So its weaving will work with an Insanihedron's ring size selection, but leans structurally more to the standard polyhedron. In fact here also twelve 'flowers' are woven, identical to the standard spheroid, from Insanihedron 'C' rings as 'buds', and 'B' ones as petals, connected with 'D' rings.

Thereafter, in the 'Standard Spheroid' design, the flowers are connected edge to edge, before finally sewing up, shifting the flowers trapezoidal to each other, and stitch up. This edge to edge connection step is shown in the first photo, and can also be seen in the standard speroid's tutorial. Do NOT continue in this way, but go on reading first!

The Yetsanihedron is now woven differently. Here the flowers are connected NOT edge to edge, but corner to corner (connections sketched red), and then the hexagonal holes are filled in with 'A' ring pairs (yellow connections). And there is also NO edge shifting done, as in previous design. The Yetsanihedron's connection scheme is shown in the second photo. Note that I laid out only single 'A' rings, but of course these are woven also as pairs.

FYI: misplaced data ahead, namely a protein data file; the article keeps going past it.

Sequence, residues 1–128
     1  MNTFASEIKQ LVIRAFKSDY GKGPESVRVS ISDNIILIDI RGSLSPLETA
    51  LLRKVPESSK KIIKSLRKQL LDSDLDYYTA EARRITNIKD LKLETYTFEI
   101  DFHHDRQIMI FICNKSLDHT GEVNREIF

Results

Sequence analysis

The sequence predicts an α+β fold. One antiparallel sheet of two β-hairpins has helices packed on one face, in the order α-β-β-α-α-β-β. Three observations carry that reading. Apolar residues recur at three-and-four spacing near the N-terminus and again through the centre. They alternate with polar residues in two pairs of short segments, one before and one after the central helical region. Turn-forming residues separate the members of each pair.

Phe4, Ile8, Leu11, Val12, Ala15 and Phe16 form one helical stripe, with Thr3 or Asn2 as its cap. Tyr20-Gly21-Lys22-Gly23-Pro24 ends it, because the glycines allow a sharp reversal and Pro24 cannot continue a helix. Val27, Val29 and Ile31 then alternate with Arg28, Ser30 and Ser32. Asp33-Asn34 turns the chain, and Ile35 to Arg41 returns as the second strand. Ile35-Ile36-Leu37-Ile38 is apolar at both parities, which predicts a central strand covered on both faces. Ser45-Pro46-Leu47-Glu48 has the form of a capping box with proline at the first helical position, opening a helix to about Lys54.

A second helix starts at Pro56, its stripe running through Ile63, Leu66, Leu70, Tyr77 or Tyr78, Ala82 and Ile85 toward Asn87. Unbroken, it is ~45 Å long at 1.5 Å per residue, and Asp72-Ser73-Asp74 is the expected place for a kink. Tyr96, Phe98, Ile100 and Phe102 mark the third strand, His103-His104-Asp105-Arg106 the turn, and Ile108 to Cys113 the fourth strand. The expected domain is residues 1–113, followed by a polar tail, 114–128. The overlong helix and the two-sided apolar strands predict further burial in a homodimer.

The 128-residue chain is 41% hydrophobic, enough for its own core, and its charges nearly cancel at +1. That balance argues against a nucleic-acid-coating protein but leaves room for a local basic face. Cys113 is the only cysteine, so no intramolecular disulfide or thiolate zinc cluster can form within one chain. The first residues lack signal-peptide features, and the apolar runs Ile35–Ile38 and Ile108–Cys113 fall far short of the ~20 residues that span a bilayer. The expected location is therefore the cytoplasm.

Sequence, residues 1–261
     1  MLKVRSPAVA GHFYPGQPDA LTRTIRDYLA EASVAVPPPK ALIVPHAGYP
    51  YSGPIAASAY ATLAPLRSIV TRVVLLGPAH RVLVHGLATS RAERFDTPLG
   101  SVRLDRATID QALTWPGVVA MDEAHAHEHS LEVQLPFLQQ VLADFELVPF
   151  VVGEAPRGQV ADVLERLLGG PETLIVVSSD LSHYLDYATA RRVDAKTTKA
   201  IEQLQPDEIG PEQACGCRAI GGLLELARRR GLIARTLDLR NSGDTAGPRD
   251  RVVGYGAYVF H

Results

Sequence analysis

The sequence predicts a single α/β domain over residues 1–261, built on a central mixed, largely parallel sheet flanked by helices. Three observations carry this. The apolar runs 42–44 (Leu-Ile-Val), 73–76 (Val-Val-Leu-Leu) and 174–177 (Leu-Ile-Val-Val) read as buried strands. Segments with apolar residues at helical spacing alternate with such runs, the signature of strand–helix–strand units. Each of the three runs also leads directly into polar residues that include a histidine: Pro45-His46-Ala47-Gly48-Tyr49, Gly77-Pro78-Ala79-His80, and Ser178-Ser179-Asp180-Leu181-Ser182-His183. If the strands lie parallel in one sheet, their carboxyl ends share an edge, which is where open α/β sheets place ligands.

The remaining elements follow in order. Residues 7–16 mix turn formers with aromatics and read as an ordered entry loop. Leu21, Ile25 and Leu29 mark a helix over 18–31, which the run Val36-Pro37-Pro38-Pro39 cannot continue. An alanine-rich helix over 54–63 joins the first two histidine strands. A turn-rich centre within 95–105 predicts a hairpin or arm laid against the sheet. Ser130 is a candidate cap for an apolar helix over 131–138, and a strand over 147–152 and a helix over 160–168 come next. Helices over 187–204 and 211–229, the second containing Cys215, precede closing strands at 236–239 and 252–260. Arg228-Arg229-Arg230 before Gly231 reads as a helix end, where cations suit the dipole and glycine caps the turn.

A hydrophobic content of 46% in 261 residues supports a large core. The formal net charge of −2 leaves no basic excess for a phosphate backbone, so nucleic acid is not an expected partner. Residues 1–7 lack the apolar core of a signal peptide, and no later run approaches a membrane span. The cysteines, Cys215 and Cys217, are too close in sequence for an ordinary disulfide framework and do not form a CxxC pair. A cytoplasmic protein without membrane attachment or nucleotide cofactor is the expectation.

I recommend to set the 'new A bud' ring pairs as early as possible, but first with single connectors, and a hemispherical bowl will emerge. Repeat the previous steps to create a second one, to sew the two finally together. After the halves are joined, the A bud connections should then be doubled, or tripled, to reach the ball's final stiffness, and to fine-tune the ball's shape.

I hope that info suffices for now. If not, let me know.

Have fun with your new maille ball.

P.S.: As usual - If you need ring kits of proven size combinations, or simply have further questions or proposals to make this tutorial better, ask me via FaceBook chat (Heinrich Zinndorf-Linker), or per eMail to